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Name: Duncan Clarke
Degree: BSc Mathematics and Financial Economics
Graduation: 2009
Employer: Jardine Lloyd Thompson Benefits Solutions
Job title: Actuarial Analyst


About being an Actuary

A career as an Actuary is one that very few people know about (I am constantly having to explain to people down the pub that it has nothing to do with bows and arrows...) but that most maths students would be perfectly suited for. In the most basic sense Actuaries are experts in risk management, using their mathematical skills to measure the probability and risk of future events. They work across a variety of fields in the financial sector, particularly in investment, insurance and pensions. It is a highly regarded career that offers great opportunities (both domestically and internationally) and high rewards and remuneration, with graduate-level students typically earning a starting salary of over £30,000 per year Unfortunately there is one small catch to all this - the exams! To qualify as an Actuary, you need to pass or be exempt from 15 exams. These are definitely challenging and not for the faint-hearted but nearly all employers provide support throughout the exams, including regular study days, providing study materials and the incentive of an attractive pay rise on passing each exam. If the prospect of another 3-6 years of further exams isn't enough to put you off the idea, then the following website gives a great guide on becoming an Actuary:

About my own job

As far as my own story goes, I qualified with a first class joint honours degree in Maths and Financial Economics in the summer of 2009. After a number of long, challenging and ultimately unsuccessful interviews, I managed to secure a job working as an actuarial analyst with a company called Jardine Lloyd Thompson who I remain with to this day. I work primarily within the pensions consultancy department (which isn't as dull as it sounds!) and I'm regularly involved in providing advice and completing calculations for companies providing final salary pension schemes. In particular, we are involved in regularly calculating the future expected payments required from a pension scheme (based on expected life expectancies, expected future levels of inflation), and ensuring that the investments that the scheme hold are appropriate and sufficient to meet these future payments. A poorly managed pension scheme can result in the insolvency of a company, therefore we frequently monitor the financial position of these schemes and provide advice to clients on the back of the results. As such, my mathematical background and the techniques learned at university and throughout the actuarial exams are used on a regular basis.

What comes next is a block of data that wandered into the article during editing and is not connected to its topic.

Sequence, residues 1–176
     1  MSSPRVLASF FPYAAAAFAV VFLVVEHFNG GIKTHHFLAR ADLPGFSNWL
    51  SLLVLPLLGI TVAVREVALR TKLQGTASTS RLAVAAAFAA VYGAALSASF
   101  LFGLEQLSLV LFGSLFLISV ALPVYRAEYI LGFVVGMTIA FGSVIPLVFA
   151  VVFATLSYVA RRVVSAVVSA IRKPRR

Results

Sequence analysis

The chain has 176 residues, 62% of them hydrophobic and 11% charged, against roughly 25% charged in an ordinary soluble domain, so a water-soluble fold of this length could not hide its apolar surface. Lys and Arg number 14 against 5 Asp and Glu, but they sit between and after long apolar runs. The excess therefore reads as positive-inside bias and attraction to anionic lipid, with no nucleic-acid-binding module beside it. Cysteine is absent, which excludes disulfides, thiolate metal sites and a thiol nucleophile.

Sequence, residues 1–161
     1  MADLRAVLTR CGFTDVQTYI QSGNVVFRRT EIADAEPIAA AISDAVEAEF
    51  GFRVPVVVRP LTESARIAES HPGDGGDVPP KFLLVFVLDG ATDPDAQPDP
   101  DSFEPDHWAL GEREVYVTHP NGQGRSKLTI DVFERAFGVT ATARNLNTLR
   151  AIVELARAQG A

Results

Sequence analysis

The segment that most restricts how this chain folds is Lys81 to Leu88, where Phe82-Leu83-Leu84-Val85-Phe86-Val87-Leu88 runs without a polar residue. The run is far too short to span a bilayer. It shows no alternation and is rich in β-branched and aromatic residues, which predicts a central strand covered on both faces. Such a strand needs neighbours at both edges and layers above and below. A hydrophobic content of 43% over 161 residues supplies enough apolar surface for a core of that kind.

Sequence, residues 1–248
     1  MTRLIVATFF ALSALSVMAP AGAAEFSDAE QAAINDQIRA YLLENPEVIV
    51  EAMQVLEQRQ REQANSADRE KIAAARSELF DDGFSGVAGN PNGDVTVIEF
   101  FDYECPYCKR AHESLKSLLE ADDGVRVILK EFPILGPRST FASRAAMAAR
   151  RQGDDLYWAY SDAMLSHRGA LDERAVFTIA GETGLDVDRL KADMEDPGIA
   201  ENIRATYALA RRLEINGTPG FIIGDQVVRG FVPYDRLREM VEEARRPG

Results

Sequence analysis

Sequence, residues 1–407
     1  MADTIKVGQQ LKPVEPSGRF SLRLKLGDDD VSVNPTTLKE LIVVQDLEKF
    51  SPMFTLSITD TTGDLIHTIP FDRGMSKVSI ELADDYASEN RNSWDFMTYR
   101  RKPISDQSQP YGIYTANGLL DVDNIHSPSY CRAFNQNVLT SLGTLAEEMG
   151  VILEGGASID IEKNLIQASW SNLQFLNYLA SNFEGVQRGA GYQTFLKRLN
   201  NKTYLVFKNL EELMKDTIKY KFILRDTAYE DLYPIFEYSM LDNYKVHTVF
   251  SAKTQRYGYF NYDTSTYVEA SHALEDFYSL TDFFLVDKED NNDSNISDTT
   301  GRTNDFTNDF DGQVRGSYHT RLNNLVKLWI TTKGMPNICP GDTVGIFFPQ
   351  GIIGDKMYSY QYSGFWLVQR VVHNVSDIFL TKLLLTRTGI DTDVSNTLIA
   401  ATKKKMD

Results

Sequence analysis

The application process

In terms of the job application process, this typically starts (for most employers) in October/November of the year you're due to be graduating, with employment beginning the following September. Due to the nature of the profession, the job application process can be quite lengthy and demanding. It typically involves at least one interview (sometimes several), submission of a CV, completion of a detailed application form, psychometric tests and, in some cases, a presentation or role-playing exercise. As such, it is well worth being prepared and giving yourself the best chance of success - a summer internship at an actuarial employer in between third and fourth year would certainly be useful (although not essential), both for yourself and any potential employers. Other than this, I would just recommend to find out more about the Actuarial profession - a career as an Actuary is not for everyone but could be perfect for you! If you have any further questions on life as an Actuary that I can help with, then please feel free to contact me at   duncan_clarke 'at'  . And good luck with the job hunt...

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